A Muslim youth was jailed for three years today for killing his uncle after he made a homosexual advance.
Amsheen Arif Ali, now 17, of Papatoetoe was cleared of murdering his uncle by marriage, Colin Hart, but was found guilty of his manslaughter.
At the High Court in Auckland today Justice Hugh Williams said that Mr Hart made what Ali considered a homosexual advance, hugging him and rubbing his hands over his body and trying to kiss his neck.
At the trial there was evidence that Mr Hart was attracted to young Indian boys, and the judge said that his actions on the evening of October 26 last year may have confirmed what Ali had heard of his uncle's proclivities.
According to Ali, who was 16 at the time, he rebuffed and pushed his uncle away a number of times, but he continued his advances.
Justice Williams said that the jury's verdict meant they must have accepted that at that point Ali lost the power of self-control and stabbed Mr Hart five times in the back, chest and neck.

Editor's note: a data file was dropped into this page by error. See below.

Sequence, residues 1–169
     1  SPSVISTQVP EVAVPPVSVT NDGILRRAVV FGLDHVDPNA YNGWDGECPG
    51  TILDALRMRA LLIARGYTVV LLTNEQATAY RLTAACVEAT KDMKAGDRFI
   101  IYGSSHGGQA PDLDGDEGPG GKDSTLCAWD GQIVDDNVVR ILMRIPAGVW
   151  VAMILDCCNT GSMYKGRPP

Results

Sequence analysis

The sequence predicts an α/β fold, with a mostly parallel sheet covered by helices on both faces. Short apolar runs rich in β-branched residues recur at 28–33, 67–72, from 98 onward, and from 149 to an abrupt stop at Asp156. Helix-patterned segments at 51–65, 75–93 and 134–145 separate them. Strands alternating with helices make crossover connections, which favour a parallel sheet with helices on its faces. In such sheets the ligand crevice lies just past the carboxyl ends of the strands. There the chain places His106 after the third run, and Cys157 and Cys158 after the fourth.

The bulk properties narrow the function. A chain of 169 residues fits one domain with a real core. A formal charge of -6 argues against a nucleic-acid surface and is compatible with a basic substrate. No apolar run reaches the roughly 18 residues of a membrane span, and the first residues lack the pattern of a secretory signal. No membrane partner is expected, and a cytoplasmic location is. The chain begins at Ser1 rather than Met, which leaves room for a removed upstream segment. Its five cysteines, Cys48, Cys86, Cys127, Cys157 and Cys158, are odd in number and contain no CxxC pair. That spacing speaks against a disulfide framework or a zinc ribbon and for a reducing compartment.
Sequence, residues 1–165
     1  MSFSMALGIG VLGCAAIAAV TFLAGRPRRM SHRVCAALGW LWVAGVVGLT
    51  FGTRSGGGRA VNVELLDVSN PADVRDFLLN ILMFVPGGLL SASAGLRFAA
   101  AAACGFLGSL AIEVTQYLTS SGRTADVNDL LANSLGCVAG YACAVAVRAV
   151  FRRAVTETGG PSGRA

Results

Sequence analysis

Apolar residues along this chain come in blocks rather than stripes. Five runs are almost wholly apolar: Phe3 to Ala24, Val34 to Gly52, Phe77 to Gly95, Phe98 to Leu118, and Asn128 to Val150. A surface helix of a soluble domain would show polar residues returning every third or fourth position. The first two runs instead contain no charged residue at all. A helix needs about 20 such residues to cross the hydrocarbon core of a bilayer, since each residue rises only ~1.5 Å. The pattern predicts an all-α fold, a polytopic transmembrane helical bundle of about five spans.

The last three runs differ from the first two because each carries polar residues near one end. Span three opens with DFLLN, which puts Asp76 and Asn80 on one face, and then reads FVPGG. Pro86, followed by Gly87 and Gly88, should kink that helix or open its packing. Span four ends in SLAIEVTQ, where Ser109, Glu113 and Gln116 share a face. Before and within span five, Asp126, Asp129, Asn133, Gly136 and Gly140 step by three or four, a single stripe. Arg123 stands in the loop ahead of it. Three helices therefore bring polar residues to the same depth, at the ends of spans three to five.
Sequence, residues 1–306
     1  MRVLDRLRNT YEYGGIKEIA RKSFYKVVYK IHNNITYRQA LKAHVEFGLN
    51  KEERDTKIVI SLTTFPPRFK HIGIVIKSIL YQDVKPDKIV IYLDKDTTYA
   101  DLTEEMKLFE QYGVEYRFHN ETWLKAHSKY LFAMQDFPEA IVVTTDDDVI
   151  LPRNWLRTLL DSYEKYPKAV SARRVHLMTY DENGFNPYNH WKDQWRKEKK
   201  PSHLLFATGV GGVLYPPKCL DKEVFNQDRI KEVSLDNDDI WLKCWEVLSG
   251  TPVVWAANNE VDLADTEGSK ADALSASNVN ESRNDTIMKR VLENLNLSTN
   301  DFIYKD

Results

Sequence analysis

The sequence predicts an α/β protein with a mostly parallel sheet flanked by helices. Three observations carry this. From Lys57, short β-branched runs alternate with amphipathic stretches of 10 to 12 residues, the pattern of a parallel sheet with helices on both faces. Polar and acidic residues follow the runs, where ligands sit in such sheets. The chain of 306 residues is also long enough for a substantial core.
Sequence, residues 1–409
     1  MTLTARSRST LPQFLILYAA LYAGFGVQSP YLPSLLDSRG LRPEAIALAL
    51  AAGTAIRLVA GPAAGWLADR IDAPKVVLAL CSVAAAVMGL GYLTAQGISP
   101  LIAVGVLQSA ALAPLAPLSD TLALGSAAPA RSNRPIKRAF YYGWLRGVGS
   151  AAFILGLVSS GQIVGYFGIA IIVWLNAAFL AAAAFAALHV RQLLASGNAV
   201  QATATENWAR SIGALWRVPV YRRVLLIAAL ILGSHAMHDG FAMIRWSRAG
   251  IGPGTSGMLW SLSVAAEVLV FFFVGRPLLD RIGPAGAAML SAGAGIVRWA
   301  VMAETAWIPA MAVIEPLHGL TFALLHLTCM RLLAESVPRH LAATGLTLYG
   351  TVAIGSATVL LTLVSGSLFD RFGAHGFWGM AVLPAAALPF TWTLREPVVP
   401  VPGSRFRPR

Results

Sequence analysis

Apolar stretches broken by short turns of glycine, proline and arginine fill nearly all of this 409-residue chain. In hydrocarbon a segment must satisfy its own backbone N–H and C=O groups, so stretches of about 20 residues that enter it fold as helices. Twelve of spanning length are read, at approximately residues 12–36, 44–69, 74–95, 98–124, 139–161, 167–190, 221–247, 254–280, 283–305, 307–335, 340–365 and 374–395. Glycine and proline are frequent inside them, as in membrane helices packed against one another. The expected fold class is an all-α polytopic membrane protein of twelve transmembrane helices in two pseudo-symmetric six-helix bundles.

The judge said Ali told the jury he feared he was going to be raped.
He told police that Mr Hart made a homosexual advance, but the judge said that the first time rape was mentioned was at the trial.
The court heard that Ali drank a small amount of alcohol and took some cannabis that Mr Hart gave him during a barbecue party at Mr Hart's Mangere address.
Defence lawyer Mary Tuilotolava said that when he was kissed, Ali -- a devout Muslim with a strong faith -- deliriously grabbed the knife, believing he was going to be raped.
"The deceased committed a serious breach of trust in that he tried to force himself sexually on a young and drugged boy," she said.
Justice Williams said that it was significant that afterwards neither Ali nor an associate called police or ambulance, and did nothing to help the injured man.
Ali took Mr Hart's car and drove aimlessly around Auckland with his friend and two other people.
Ali told them he killed someone, but the judge said it might be noteworthy that he made no mention to them of any homosexual advance.
Ali then dumped the car after wiping off his fingerprints and taking the radio and CD stacker in an effort to make it look like a "botched job".
Crown prosecutor Mina Wharepouri said that what Ali did after the stabbing had an element of "callous indifference" but the defence said it was shock-induced denial.
The prosecution sought a six-year term, while the defence asked for a sentence of no more than two years to allow Ali to apply for home detention.
Justice Williams took into account mitigating factors, including Ali's age, lack of previous convictions, his faith, his naivete and the need for rehabilitation.
He sentenced Ali to three years prison, with 12 months to be served concurrently for car conversion and theft.
- HERALD STAFF